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Return to Babylon

Return to Babylon (2013)

Right from the opening credits, as arpeggio chords of the enchanting and mysterious The Aquarium by Camille Saint-Saens washed over me, I was drawn into the wonderful era of silent films, and Hollywood of the early 20th Century. For nearly 30 years the public was treated to a fantasy realm by silent moving pictures that really would not have been possible in the same way by talking films. The dramatic and mystical were adorned by stylized Egyptian, Oriental, and Art Deco elements which contributed to their fascination and other-wordly appeal.

The film’s beginning reinforced those feelings due to its use of 16 mm black and white film shot with a vintage hand cranked camera. This replicated the exact look of a film produced during the mid silent era. The techniques and staging rang true, and were a joy to watch. The genuine location settings were very effective in representing the silent era.

The film was basically a series of short vignettes featuring biographies (both fictional and real)
and sketches of a number of famous film stars from the era: Clara Bow, Lupe Velez, Gloria Swanson, Josephine Baker, Alla Nazimova, Mabel Normand, Fatty Arbuckle, Erich von Stoheim, Douglas Fairbanks, Rudolph Valentino, and many more.

Yet there were two detractions for me. The first was the film’s frequent slide into campiness and hackneyed frank sexual innuendo in the title cards-- and the overuse of dialogue intertitles in general. The second was the choice of actors to portray some of the famous figures. The portrayal of Fatty Arbuckle in particular was cringeworthy, as the stuffing used to increase his girth was obvious, which was not matched by the rest of his body. The actor who played Valentino was all wrong. On the other hand Maria Conchita Alfonso as Lupe Velez, Rolonda Watts as Josephine Baker, Laura Harring as Alla Nazimova, Michael Goldman as Adolph Zukor, and Phillip Bloch as Ramon Novarro, were very well cast, and portrayed their characters in a believable manor.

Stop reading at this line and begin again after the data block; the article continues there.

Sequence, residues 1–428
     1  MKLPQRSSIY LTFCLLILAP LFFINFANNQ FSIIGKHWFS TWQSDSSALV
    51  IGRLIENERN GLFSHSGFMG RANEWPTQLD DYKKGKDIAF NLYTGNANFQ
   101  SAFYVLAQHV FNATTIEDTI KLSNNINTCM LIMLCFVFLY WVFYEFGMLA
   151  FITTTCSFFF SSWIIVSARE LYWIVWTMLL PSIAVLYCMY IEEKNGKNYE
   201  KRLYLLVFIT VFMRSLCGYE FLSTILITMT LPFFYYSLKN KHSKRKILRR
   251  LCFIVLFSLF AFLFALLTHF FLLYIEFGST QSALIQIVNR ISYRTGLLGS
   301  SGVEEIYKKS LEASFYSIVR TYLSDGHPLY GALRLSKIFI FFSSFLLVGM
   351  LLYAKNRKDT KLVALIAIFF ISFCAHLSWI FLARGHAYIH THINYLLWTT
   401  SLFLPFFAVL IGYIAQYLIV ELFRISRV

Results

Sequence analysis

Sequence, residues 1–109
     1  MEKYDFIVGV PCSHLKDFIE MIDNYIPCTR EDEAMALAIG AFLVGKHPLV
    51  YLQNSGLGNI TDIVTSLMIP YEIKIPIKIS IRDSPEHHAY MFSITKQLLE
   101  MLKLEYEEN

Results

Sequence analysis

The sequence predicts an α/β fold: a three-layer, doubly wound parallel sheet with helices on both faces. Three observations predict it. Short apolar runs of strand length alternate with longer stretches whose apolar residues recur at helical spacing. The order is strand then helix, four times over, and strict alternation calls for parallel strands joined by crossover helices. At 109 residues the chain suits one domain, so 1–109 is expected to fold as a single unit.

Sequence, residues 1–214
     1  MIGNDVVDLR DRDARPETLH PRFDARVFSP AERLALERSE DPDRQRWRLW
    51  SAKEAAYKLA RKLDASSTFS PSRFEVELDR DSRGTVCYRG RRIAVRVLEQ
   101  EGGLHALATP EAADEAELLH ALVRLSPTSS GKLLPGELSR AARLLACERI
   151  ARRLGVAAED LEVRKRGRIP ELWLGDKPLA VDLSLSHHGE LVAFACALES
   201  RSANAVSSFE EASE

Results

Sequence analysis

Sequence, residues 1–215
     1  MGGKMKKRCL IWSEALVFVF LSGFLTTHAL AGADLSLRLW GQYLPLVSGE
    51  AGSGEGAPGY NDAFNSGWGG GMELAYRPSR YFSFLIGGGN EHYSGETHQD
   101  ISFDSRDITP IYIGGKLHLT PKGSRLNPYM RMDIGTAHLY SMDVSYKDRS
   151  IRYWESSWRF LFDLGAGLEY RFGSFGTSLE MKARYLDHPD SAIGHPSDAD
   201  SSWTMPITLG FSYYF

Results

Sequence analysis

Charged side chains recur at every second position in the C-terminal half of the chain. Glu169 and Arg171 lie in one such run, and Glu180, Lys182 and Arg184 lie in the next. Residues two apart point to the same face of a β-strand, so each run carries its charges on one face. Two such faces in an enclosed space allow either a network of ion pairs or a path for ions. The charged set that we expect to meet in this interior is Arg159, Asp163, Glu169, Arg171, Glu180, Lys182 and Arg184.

Directed by little known Alex Monty Canawati, and written by Canawati along with Stanley Sheff, the project was on a shoestring budget, and was developed from 2001 to 2008, only getting enough post production money to have it released in 2013. It never found a distributor, and was finally released on You Tube, where it continues to be viewable in full. Certainly a project of this type would have benefited greatly from a much larger budget. I have a hunch that it was Alfonso and Sheff who kicked in some of the production financing, and were both instrumental in acquiring money piecemeal for the project. As it
remains, it strikes me that this was a fun project whose participation in it by several late middle aged actresses was fueled by their desire to strut their stuff portraying some of the great silent film stars.

I’d had hopes for another film approaching the quality of
The Artist (2011), which is solidly in my list of top 100 films. Unfortunately that was not to be. However at only 75 minutes Return to Babylon is a fun and absorbing watch, and has enough excellence to impress the viewer for what it is and for what it could have been.

Doc’s rating: 6/10